Contextualising it on a star rating system was a little tricky however; I know a lot of people really love this album and it retains an affection also because of what Dave stands for in many minds but to rationalise it as three stars I went thus: Space Ritual, Quark Strangeness & Charm, Hall of the Mountain Grill ... these are five star albums with little chance of contradiction. Electric Tepee, Chronicle of the Black Sword ... you have to give these LPs four stars. Live '79, though I love it to bits, is a three star release and so, and here's the clincher, is PXR5. Earthed to the Ground – three stars.

Thursday, 15 December 2011

The Bevis Frond – The Leaving Of London / Paul Roland – ‘Masque’

OK, so this week we've had 'one record that's not remotely space rock' and then 'two stonking releases from leading space rock bands' so what we need is three... well, it'll be two great psych-pop albums to be honest but the first album in seven years from Nick 'The Bevis Frond' Saloman is effectively the length of good old-fashioned double album so I think we'll count that in and try and suggest that brings the symmetry to this sequence of blog entries.

In fact I'm not going to blog at too much length on the Frond album right now, since I'm reviewing this one in print and have interviewed Nick this week for the same place – I'll shout about the piece and the relevant magazine when it appears of course – but I really can't let it pass by without passing comment here since in a year where there were quite a few new records that I liked very much this one arrived a few weeks ago and really cemented its claim as the crème de la crème from the opening bars of 'Johnny Kwango' onwards. That lament to the late wrestler, and I guess really generally a lament to things past, is a particular highlight on this exceptional collection of songs but really the whole is a thing of beauty ... the brooding, almost gothic 'Reanimation', the reflective title track, the world-weary but easy and comfortable keep-on keeping-on of 'Preservation Hill', the up-tempo restatement of creative burn that kicks-off 'Stupid Circle' juxtaposed with its frustration and anger as it drives onwards.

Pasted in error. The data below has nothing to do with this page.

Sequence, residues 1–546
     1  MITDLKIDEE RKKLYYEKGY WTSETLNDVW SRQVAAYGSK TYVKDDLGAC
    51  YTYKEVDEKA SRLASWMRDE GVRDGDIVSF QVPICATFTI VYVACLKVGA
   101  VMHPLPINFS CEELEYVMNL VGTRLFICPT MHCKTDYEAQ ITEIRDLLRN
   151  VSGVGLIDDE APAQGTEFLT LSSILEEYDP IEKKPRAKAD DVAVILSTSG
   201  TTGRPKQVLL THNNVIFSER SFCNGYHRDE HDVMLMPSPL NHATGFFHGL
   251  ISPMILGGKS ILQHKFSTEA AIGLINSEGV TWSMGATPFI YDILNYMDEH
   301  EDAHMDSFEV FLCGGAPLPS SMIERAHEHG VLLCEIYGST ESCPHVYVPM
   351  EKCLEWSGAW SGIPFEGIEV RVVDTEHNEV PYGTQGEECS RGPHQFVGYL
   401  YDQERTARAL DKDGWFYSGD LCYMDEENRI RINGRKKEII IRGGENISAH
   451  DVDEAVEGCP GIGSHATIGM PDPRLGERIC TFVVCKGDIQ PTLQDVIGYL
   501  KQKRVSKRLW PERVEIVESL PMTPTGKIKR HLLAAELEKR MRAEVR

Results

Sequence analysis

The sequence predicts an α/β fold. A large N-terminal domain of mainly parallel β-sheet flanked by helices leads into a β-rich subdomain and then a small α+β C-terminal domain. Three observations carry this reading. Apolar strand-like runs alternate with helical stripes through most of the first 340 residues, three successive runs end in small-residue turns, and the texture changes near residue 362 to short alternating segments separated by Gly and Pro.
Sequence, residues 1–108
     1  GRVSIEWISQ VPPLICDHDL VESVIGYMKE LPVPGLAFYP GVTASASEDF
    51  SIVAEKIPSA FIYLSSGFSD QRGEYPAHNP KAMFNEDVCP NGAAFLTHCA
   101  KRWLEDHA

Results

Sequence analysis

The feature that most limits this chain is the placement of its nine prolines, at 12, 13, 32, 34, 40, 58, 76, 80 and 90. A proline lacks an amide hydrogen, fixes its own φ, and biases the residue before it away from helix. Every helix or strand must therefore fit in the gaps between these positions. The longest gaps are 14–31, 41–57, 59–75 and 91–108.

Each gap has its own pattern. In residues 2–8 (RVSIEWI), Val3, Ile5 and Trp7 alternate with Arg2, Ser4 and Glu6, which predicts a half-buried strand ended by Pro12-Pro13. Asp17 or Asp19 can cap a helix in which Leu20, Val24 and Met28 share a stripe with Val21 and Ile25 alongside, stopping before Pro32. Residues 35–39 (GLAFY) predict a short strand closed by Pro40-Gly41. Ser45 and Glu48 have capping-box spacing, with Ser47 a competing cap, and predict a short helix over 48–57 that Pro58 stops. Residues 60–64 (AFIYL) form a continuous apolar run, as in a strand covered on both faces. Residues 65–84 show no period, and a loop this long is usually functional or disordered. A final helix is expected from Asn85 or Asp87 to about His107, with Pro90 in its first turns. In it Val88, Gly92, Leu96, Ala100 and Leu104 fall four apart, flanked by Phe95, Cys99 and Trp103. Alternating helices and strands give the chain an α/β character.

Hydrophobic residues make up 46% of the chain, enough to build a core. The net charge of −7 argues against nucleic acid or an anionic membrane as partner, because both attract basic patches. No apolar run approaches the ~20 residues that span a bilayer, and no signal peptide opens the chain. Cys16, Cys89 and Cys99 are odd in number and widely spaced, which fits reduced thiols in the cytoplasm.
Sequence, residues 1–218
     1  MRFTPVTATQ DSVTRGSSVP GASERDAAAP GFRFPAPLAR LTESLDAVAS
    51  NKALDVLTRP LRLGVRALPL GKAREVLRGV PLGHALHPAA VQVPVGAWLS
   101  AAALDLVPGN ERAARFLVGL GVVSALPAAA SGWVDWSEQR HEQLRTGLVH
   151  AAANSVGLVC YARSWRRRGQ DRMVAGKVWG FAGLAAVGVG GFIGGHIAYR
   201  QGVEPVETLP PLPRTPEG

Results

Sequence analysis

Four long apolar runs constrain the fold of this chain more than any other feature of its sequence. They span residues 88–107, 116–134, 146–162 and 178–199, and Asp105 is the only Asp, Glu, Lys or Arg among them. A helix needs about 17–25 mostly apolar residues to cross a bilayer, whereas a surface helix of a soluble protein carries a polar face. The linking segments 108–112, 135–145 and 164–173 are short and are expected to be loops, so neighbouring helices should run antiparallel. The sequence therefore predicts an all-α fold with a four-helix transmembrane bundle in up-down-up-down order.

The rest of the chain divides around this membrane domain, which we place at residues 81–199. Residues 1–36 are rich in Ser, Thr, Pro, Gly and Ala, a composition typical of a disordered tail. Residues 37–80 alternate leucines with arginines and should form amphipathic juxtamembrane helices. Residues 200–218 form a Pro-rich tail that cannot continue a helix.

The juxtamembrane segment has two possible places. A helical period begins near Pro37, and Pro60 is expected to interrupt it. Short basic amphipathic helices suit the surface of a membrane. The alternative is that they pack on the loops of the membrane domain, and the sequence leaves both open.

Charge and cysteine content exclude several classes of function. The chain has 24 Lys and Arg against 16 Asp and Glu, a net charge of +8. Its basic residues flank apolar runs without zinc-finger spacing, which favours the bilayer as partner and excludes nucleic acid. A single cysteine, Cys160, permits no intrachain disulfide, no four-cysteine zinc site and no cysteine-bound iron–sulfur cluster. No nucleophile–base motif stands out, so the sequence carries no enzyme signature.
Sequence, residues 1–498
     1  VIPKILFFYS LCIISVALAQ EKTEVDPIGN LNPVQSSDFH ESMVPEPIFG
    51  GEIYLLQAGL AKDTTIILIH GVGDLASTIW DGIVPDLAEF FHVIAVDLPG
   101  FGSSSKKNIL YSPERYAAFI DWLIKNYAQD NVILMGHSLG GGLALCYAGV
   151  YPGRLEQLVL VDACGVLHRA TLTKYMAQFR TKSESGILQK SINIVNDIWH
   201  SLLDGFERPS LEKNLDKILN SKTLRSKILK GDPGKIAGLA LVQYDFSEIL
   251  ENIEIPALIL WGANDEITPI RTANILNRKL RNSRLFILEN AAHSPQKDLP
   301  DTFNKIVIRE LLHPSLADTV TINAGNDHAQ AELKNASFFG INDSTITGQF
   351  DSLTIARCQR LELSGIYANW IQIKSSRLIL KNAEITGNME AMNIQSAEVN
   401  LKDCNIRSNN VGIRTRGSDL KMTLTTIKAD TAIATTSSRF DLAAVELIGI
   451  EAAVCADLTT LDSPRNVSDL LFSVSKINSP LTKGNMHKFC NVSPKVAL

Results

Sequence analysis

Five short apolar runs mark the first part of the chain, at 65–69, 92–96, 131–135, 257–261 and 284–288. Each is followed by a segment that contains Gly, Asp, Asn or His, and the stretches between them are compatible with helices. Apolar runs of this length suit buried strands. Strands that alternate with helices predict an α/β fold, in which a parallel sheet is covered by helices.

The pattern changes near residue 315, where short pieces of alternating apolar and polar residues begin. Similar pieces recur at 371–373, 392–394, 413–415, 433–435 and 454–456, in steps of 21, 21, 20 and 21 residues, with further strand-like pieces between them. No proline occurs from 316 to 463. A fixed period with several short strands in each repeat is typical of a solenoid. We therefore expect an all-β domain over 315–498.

I think what I'd really say is that, partly because I've had a little bit of a break in print work, I've had the time to luxuriate in The Leaving Of London – so much of writing about music is chasing your tail from one record onto the next, getting an impression and forming a view and enthusing or otherwise and then filing the album away ready for the next task so that it does become, not a chore, but at times like a 'real' job and I do often wonder what great stuff I've run through, enjoyed, written-up and stacked away perhaps to only re-emerge or rediscover after the passing of time if at all. It seems like receiving an album and playing it to death because it's that good, as I would have done as a teenager, is a long lost pleasure. But that's how I'm enjoying and playing The Leaving Of London; it's on my computer, it's in my personal CD player, it's blasting from the car's music system. It's just marvellous.

And then again, here I am unfurling the career and back-catalogue of a most singular artist and that's another particular pleasure because I remember when I first discovered Hawkwind and that was about really getting my teeth into an extensive history, so that it's not discovering an album but finding a reference on the map and then following the lines to the starting point while taking in the sidetracks and minor pathways that lead off from the main road, and that's how I feel about the work of Paul Roland, which I've written about several times since encountering his work a few years back with his Re-Animator album.